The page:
SOLEMNITY OF THE ASCENSION OF THE LORD (2022)
Psalms 47:2-3, 6-7, 8-9
The entrance antiphon for today’s solemnity reads: “Men of Galilee, why gaze in wonder at the heavens? This Jesus whom you saw ascending into heaven will return as you saw his go, alleluia.” It’s the last sentence from our first reading from the Acts of the Apostles, describing Jesus’ Ascension into heaven, where He “mounts His throne to shouts of joy” (Ps. 47:6), just as God had planned.
The Book of the Acts gives us as close to a historical account as possible of the earliest days of what would become the ‘Church’. It is worthy of note to highlight what the disciples ask Jesus, disciples who have been through the confusing and wrenching end of Jesus’ public ministry, the disciples who were privy to all of Jesus’ teaching, healings, and miracles – these disciples ask Jesus: “Lord, are you at this time going to restore the kingdom to Israel?” What? Did they learn nothing from traveling in the presence of Jesus? Granted, it is before the Lucan bestowal of the Holy Spirit, but specifically three times in the Synoptic gospels Jesus tried to teach His disciples how different His Messiahship was going to be. Jesus’ Messiah has nothing to do with restoring the kingdom of Israel; it has nothing to do with a military takeover which will place the Jews on top and vanquish the Romans. The risen Jesus shows extraordinary patience in calmly telling His disciples that it’s not for them “to know the times or seasons that the Father has established.” What is important then and now, is that they “will be my [His] witnesses in Jerusalem, throughout Judaea [Jewish] and Samaria [Gentile], and to the ends of the earth [universal].” These are Jesus’ final words to His disciples in this world, and they possess considerable weight.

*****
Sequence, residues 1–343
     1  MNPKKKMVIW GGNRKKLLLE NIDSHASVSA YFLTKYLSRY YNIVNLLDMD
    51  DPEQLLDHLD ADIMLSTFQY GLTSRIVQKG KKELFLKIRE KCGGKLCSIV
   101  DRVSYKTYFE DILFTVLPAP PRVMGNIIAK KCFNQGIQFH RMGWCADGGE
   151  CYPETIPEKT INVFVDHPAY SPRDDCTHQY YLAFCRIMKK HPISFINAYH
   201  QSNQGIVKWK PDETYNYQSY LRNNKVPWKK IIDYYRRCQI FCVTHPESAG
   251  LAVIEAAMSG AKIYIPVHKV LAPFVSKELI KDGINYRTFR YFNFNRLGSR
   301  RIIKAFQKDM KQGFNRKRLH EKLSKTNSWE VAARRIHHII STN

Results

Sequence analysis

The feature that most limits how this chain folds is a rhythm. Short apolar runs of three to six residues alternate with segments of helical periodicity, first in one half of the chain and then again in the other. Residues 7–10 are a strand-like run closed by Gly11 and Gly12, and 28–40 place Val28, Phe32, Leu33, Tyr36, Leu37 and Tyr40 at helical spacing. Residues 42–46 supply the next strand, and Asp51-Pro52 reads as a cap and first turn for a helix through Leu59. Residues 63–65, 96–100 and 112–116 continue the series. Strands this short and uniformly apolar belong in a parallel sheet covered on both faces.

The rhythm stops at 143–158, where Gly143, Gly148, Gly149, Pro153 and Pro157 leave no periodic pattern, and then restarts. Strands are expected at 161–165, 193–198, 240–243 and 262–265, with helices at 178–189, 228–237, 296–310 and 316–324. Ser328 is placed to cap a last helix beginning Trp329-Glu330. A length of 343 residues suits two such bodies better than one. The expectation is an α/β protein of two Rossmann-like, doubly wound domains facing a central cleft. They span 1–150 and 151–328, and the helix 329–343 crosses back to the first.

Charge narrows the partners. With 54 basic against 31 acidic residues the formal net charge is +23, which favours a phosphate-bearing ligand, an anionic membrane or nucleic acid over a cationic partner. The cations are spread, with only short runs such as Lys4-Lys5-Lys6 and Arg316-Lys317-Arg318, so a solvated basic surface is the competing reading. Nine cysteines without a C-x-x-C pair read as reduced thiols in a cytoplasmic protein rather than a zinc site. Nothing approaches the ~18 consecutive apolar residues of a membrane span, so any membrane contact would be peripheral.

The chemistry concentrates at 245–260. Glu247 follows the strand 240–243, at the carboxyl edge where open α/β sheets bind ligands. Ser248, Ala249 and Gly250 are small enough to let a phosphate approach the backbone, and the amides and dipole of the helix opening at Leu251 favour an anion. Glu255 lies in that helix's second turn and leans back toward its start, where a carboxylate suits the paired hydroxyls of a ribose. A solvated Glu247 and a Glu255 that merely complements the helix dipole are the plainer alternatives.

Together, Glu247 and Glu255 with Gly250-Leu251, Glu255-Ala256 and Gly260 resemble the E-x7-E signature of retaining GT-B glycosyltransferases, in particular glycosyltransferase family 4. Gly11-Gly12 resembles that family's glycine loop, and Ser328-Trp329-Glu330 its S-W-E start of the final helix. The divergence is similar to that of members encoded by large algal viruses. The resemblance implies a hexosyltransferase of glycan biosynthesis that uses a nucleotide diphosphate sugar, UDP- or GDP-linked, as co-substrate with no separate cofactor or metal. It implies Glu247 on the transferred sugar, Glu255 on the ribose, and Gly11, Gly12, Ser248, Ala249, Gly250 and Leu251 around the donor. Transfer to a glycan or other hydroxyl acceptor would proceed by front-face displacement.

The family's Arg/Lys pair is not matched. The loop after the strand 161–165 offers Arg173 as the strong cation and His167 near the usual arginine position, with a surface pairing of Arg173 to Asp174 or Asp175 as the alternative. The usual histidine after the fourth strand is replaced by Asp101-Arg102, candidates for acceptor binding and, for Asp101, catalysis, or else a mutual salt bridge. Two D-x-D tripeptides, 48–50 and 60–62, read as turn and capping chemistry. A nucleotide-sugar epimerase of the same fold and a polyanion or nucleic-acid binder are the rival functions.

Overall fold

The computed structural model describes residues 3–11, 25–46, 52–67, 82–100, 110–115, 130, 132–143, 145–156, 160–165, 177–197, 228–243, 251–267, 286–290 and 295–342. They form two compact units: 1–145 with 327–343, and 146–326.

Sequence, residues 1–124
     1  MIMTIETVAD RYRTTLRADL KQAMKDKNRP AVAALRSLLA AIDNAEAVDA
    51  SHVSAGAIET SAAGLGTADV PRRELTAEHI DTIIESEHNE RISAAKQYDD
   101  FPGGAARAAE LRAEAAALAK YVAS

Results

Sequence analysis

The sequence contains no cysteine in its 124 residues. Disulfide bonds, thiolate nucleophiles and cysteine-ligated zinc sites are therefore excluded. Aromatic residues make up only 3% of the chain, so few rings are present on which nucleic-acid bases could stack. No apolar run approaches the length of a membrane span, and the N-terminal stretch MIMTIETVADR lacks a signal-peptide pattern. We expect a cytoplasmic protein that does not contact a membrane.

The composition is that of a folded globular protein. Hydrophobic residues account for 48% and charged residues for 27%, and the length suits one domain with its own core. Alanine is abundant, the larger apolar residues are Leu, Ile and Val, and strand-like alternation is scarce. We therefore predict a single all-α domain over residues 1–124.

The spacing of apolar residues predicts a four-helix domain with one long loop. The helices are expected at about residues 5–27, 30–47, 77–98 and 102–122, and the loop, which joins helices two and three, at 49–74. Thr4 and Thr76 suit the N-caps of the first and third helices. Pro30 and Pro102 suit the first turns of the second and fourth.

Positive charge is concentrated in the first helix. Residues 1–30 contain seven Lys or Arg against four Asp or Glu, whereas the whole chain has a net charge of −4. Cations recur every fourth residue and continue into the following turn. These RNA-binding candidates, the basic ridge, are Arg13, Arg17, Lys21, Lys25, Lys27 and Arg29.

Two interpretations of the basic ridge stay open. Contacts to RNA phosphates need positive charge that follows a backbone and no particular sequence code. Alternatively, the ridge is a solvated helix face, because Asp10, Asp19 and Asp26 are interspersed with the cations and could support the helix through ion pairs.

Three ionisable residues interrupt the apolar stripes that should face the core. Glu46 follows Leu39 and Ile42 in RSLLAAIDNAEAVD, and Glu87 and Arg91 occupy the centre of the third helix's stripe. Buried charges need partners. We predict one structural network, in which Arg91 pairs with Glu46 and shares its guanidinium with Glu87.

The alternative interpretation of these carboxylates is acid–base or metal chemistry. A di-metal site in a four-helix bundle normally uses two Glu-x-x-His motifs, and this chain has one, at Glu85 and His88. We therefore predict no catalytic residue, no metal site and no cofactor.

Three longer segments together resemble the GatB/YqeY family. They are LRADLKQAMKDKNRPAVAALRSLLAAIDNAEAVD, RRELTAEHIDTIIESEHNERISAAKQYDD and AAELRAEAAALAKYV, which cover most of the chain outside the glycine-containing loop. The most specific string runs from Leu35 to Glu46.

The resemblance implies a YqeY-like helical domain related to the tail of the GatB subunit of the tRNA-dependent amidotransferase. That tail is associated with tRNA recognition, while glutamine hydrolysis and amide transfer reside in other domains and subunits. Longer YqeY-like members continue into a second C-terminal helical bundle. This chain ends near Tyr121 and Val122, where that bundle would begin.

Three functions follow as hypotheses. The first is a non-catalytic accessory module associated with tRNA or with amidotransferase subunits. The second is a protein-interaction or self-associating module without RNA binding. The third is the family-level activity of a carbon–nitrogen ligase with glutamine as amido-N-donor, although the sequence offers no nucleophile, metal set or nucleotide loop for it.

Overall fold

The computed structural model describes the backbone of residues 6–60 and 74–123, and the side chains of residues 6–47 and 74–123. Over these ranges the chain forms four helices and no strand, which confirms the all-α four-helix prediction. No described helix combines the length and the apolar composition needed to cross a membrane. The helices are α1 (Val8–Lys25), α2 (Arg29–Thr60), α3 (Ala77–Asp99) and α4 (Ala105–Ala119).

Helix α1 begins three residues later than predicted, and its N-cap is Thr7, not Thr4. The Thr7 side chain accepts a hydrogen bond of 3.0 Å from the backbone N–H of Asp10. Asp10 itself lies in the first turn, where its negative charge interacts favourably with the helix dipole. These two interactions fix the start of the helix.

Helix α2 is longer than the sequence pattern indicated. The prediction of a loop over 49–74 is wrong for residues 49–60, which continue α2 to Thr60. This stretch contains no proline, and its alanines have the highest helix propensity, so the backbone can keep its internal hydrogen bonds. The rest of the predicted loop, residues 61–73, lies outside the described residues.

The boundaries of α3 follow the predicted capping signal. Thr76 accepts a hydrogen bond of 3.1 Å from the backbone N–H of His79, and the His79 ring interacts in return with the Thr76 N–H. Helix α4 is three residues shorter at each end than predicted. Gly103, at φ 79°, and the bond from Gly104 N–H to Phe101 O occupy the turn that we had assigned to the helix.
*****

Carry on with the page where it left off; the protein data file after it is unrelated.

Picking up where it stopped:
Of similar weight are the words of the “two men dressed in white garments [angels],” who speak the words of our Entrance Antiphon in an almost humorous way – “Guys, hey guys, why are you standing there looking at the sky?” Let’s get moving now and do what Jesus told you to do! Become witnesses, wherever you go! There is still help on the way, for the gift of the Holy Spirit is rightly credited for transforming the disciples from fraidy-cats hiding in a locked upper room (John’s gospel) into bold and courageous disciples who welcome the task of witnessing to Jesus, even if it means the surrendering of their own lives.
It is good to think of the words the angels address to the disciples as addressed to us, for we are not unlike the disciples. We spend too much time looking up at the sky, gazing towards the heavens for answers, direction, comfort, peace, and stability. There is no shame in our dependence on the God who created us, but this solemnity can confuse us into believing that God is up and not down, existing only in the heavens above. Unless we are blessed to be mystics, God is not going to appear to us to tell us what to do, tell us how to act, tell us how to behave. God, in Jesus, has already told us that with the definitive gift of His Son, God entered into our world, and through the Holy Spirit, continues to reside here. We celebrate Christ’s Ascension because while His physical presence left our world, He left us with an advocate, the Holy Spirit. There is no need for us to feel alone and left behind because of this solemnity.
Our job, like that of the disciples in today’s gospel, is to bear “witness” to Jesus. If all those who call themselves Christian took their role of witnessing to Jesus seriously, then the solution to the problems and challenges which life always brings would be only as far away as the passionate Christian standing within reach, who is part of this world in which we are privileged to live. Living as Jesus taught us to live is the antidote to what frequently ails us in this world. May we not spend time idly “looking up to heaven” for answers and direction. May we find our passion to be truly Christian with the help of the Holy Spirit so that we can become genuine “witnesses” to the God incarnate who was manifested as quintessential love, and thus become the antidote to what ails our world.